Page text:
We have EZ Tag in Houston, and on one of our toll roads, it’s required. No cash accepted, just the tag. I guess that throws out the “I’ll just bring cash” if you happen to need to take that road!

  38. jeffj-nj says:

     
     
    Okay, so maybe the “get EZPass or go home” sentiment was a little
    strong. Possibly the express highway can be for EZPass customers only
    instead of the whole road? I dunno.

    See, the problem is that I despise with a passion the people who ride
    all the way up in the free moving EZPass lane, and then try to cut in
    to the non-EZPass lane right at the front of the line. These people are
    assholes, of course, so the people who patiently waited in line like
    decent human beings never want to let them in. So now, there’s just
    some dude stuck diagonally infront of me, a legit customer, who can’t get to the booth.

    If the person in front of me had EZPass, that would solve the problem.
    If the person in front of me wasn’t an asshole, of course, it wouldn’t
    even be
    a problem because he wouldn’t be there. But, if more people in general
    had EZPass, the cash lines wouldn’t be so long and this asshole
    wouldn’t feel the need to cut all of them. So, really, even if you’re
    patiently waiting, still, if you don’t have EZPass, you’re not part of
    the solution, and therefore are part of the problem (even if to a significantly less extent).

    So that’s the logic in my head as to why everyone should have EZPass.
    But, truth be told, it’s about more than making my life less stressful.
    It’ll make yours less stressful too. EZPass rocks. There is no “con” to
    it that could ever possibly outweigh its “pro”s.

  39. jeffj-nj says:

    @SJActress:

    That is awesome!

  40. Nemesis_Enforcer says:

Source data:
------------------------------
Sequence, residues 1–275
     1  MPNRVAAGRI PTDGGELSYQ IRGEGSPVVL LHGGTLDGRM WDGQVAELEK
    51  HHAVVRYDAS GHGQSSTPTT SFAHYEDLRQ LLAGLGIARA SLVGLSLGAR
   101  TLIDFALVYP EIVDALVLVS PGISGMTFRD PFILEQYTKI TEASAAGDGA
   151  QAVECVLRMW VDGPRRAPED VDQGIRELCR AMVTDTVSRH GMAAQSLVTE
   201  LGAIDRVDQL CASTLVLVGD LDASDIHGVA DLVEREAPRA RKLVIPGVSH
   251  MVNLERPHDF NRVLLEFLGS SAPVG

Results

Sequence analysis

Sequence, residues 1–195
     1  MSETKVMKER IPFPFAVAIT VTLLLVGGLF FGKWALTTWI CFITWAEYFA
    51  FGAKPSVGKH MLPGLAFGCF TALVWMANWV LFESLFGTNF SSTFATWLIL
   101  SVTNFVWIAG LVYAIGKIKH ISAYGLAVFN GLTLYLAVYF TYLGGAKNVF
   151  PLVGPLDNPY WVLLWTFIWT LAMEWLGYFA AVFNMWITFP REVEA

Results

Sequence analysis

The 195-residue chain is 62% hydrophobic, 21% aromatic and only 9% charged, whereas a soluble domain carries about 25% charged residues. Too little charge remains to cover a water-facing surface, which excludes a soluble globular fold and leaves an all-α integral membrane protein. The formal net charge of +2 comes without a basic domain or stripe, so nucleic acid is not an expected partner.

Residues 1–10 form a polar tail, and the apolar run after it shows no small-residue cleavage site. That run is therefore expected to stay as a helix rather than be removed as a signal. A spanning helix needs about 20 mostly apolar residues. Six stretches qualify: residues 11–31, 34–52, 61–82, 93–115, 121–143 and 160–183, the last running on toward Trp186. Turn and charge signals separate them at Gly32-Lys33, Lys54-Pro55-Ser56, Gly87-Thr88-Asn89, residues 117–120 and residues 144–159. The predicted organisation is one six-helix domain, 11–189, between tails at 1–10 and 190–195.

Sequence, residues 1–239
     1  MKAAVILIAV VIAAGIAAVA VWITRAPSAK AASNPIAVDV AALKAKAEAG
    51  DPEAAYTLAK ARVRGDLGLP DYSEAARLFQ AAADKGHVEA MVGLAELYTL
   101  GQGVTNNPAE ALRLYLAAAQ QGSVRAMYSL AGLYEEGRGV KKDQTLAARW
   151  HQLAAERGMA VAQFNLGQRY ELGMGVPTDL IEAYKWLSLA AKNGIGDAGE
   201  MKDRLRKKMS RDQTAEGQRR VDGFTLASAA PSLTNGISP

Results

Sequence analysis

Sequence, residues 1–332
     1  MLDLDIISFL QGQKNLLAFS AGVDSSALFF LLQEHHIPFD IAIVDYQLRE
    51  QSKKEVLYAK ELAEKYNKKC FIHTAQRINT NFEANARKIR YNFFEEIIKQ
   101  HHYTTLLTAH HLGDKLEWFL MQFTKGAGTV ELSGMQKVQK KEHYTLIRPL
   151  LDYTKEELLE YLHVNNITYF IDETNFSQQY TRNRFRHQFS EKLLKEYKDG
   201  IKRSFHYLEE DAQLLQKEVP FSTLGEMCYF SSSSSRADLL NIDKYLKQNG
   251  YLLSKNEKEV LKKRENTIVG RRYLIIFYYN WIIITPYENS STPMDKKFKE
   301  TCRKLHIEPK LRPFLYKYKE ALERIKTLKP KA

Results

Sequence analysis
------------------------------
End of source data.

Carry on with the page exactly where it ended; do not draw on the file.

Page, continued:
@aparsons: Yeah something similar happened to me. I was riding with a co-worker and we were going from Oklahoma City to Tulsa on the Cimmaron(sp?) Turnpike. The road is a toll but you only pay when you get on and off not inbetween. Well we got on a little outside of OKC and got off in Tulsa. When we got to the end we were told to pull over and a State trooper gave hima ticket cause they said we went between the tolls too fast? I think the ticket was like $190, which sucks cause they dont know how fast we were really going. Come on its bad enough you have to pay to get into Tulsa, heck they should make you pay to leave and you get in for free..:)

  41. d0x says:

    @speedwell: It doesnt, you put money into an account and they take it from that. You can have $5 in there if thats all you want and you can check every deduction up to the very second it was taken out, what toll, what toll lane etc.

  42. Jaysyn was banned for: http://consumerist.com/5032912/the-subprime-meltdown-will-be-nothing-compared-to-the-prime-meltdown#c7042646 says:

    @jeffj-nj:

    That’s nice, my city got rid of toll roads in the 80′s, so you guys have fun with that.

  43. Jaysyn was banned for: http://consumerist.com/5032912/the-subprime-meltdown-will-be-nothing-compared-to-the-prime-meltdown#c7042646 says:

    @Spamboy:

    It’s not so much problems more like how easy it is to rip RFID device off at a distance.

  44. Geekybiker says:

    @Auntie M.:

    Its not half the regular toll. The Ipass tolls were DOUBLED for non-ipass users. Just because they raised rates elsewhere doesnt mean ipass is a discount.

  45. Auntie M. says: